As good a primer on the IPCC and its report as any I suppose. I’m not familiar with Wunderground, but it has devised a good summary. View it here.
STOCKHOLM — The world’s top climate scientists on Friday formally embraced an upper limit on greenhouse gases for the first time, establishing a target level at which humanity must stop spewing them into the atmosphere or face irreversible climatic changes. They warned that the target is likely to be exceeded in a matter of decades unless steps are taken soon to reduce emissions.
Unveiling the latest United Nations assessment of climate science, the experts cited a litany of changes that were already under way, warned that they were likely to accelerate and expressed virtual certainty that human activity is the main cause.
“Climate change is the greatest challenge of our time,” said Thomas F. Stocker, co-chairman of the Intergovernmental Panel on Climate Change, the United Nations-sponsored group of scientists that produced the report. “In short, it threatens our planet, our only home.”
The panel, in issuing its most definitive assessment yet of the risks of human-caused warming, hoped to give impetus to international negotiations toward a new climate treaty, which have languished in recent years in a swamp of technical and political disputes. The group made clear that time was not on the planet’s side if emissions continued unchecked.
From the Guardian:
To keep average global temperature rises below 2C – the internationally agreed upper limit of warming – greenhouse gas emissions will need to be cut by 10% a year, according to the report.
In a statement released after a laborious process where the IPCC report was trawled over line by line by 110 nations, the UN body said governments had been handed a “firm mandate” to act on climate change.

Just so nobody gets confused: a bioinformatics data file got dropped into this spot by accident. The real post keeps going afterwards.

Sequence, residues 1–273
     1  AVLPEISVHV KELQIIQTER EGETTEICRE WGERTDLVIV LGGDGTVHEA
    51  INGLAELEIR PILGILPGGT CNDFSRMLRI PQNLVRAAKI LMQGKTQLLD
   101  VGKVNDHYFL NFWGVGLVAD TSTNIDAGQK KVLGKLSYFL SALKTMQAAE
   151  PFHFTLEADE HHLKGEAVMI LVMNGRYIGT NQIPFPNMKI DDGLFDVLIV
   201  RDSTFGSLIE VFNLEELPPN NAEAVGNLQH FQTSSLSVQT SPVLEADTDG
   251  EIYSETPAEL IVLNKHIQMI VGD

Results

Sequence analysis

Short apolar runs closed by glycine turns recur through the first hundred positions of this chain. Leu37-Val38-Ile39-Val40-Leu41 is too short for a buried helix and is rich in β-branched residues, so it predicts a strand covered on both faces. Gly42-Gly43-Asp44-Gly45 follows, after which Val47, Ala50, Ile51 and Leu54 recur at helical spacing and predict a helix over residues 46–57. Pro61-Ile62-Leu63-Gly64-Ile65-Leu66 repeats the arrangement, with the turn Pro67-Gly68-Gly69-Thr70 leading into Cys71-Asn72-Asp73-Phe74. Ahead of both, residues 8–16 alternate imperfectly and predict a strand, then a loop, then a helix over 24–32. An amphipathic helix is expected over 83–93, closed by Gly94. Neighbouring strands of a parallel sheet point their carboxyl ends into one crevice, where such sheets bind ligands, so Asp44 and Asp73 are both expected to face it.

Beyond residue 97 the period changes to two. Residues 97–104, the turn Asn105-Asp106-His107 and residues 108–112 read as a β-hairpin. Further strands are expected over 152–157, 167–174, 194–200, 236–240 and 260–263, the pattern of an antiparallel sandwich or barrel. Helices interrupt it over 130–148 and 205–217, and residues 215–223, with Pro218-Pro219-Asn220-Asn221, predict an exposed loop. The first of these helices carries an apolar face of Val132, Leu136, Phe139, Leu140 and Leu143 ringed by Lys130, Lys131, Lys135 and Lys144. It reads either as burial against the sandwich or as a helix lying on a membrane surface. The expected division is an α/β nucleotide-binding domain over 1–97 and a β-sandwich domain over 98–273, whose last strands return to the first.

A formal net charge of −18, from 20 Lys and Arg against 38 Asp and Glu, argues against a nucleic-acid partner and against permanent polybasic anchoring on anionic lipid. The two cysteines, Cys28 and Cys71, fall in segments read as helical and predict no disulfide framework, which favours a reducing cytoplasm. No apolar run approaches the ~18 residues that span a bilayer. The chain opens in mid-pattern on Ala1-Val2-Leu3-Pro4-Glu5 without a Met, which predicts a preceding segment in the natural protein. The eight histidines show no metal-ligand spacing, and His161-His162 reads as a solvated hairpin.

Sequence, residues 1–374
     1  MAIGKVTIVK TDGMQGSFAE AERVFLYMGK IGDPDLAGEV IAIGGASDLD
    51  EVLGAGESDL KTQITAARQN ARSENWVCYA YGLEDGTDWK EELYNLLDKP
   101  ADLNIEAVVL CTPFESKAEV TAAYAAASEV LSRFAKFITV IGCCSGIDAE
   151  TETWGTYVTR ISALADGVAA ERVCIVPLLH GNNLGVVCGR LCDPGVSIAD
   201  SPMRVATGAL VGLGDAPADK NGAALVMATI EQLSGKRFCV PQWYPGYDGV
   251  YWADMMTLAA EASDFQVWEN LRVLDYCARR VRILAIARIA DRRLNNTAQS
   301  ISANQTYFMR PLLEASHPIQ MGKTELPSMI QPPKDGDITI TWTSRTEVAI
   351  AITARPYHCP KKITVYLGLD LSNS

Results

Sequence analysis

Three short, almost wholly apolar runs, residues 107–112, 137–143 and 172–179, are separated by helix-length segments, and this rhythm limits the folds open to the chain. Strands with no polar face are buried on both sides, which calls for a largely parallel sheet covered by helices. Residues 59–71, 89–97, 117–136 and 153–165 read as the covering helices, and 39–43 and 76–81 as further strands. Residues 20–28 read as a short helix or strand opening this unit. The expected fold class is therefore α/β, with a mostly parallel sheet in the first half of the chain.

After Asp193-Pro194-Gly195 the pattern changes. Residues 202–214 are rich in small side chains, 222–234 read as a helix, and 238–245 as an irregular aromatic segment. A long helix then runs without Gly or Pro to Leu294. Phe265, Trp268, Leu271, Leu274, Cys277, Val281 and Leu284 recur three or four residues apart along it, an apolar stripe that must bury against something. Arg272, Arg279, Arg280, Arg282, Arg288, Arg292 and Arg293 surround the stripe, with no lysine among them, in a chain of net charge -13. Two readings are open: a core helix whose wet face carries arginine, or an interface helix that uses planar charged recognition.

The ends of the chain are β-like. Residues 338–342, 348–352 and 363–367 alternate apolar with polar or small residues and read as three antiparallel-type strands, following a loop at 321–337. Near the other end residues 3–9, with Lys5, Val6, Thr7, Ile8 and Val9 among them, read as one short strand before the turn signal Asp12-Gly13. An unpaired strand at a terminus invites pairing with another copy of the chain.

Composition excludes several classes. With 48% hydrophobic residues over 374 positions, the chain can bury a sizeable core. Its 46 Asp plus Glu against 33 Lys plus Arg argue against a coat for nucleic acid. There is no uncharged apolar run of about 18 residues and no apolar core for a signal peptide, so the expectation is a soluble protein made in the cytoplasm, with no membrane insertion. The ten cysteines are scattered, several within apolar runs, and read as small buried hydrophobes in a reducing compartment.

“The report confirms that the planet is heating up, sea level rise is accelerating, the rate of Arctic Sea ice retreat has doubled, the melting of glaciers and ice sheets is happening faster, and the oceans are acidifying,” it said.
“This report shows that the science on climate change is clear. The debate about who is responsible is over. People rightly demand that governments tackle the climate risk posed to our communities and economies.”
Livescience: IPCC Climate Change Experts React. A somewhat disingenuous headline, much of the reception reported by Livescience comes from IPCC scientists. Still, a nice smattering of reactions.
Today’s report is the first of four that will make up the IPCC’s Fifth Assessment Report. The remaining parts, which will examine the socioeconomic impacts of climate change and ways to mitigate its effects, will be released in 2014. [See how the 2013 IPCC report compares to previous predictions]
After a week of intense negotiations in the Swedish capital, the summary for policymakers on the physical science of global warming has finally been released.
The first part of an IPCC trilogy, due over the next 12 months, this dense, 36-page document is considered the most comprehensive statement on our understanding of the mechanics of a warming planet.
It states baldly that, since the 1950s, many of the observed changes in the climate system are “unprecedented over decades to millennia”.
Each of the last three decades has been successively warmer at the Earth’s surface, and warmer than any period since 1850, and probably warmer than any time in the past 1,400 years.
In the summary for policymakers, the scientists say that sea level rise will proceed at a faster rate than we have experienced over the past 40 years. Waters are expected to rise, the document says, by between 26cm (at the low end) and 82cm (at the high end), depending on the greenhouse emissions path this century.
The scientists say ocean warming dominates the increase in energy stored in the climate system, accounting for 90% of energy accumulated between 1971 and 2010.
For the future, the report states that warming is projected to continue under all scenarios. Model simulations indicate that global surface temperature change by the end of the 21st Century is likely to exceed 1.5 degrees Celsius, relative to 1850.
Prof Sir Brian Hoskins, from Imperial College London, told BBC News: “We are performing a very dangerous experiment with our planet, and I don’t want my grandchildren to suffer the consequences of that experiment.”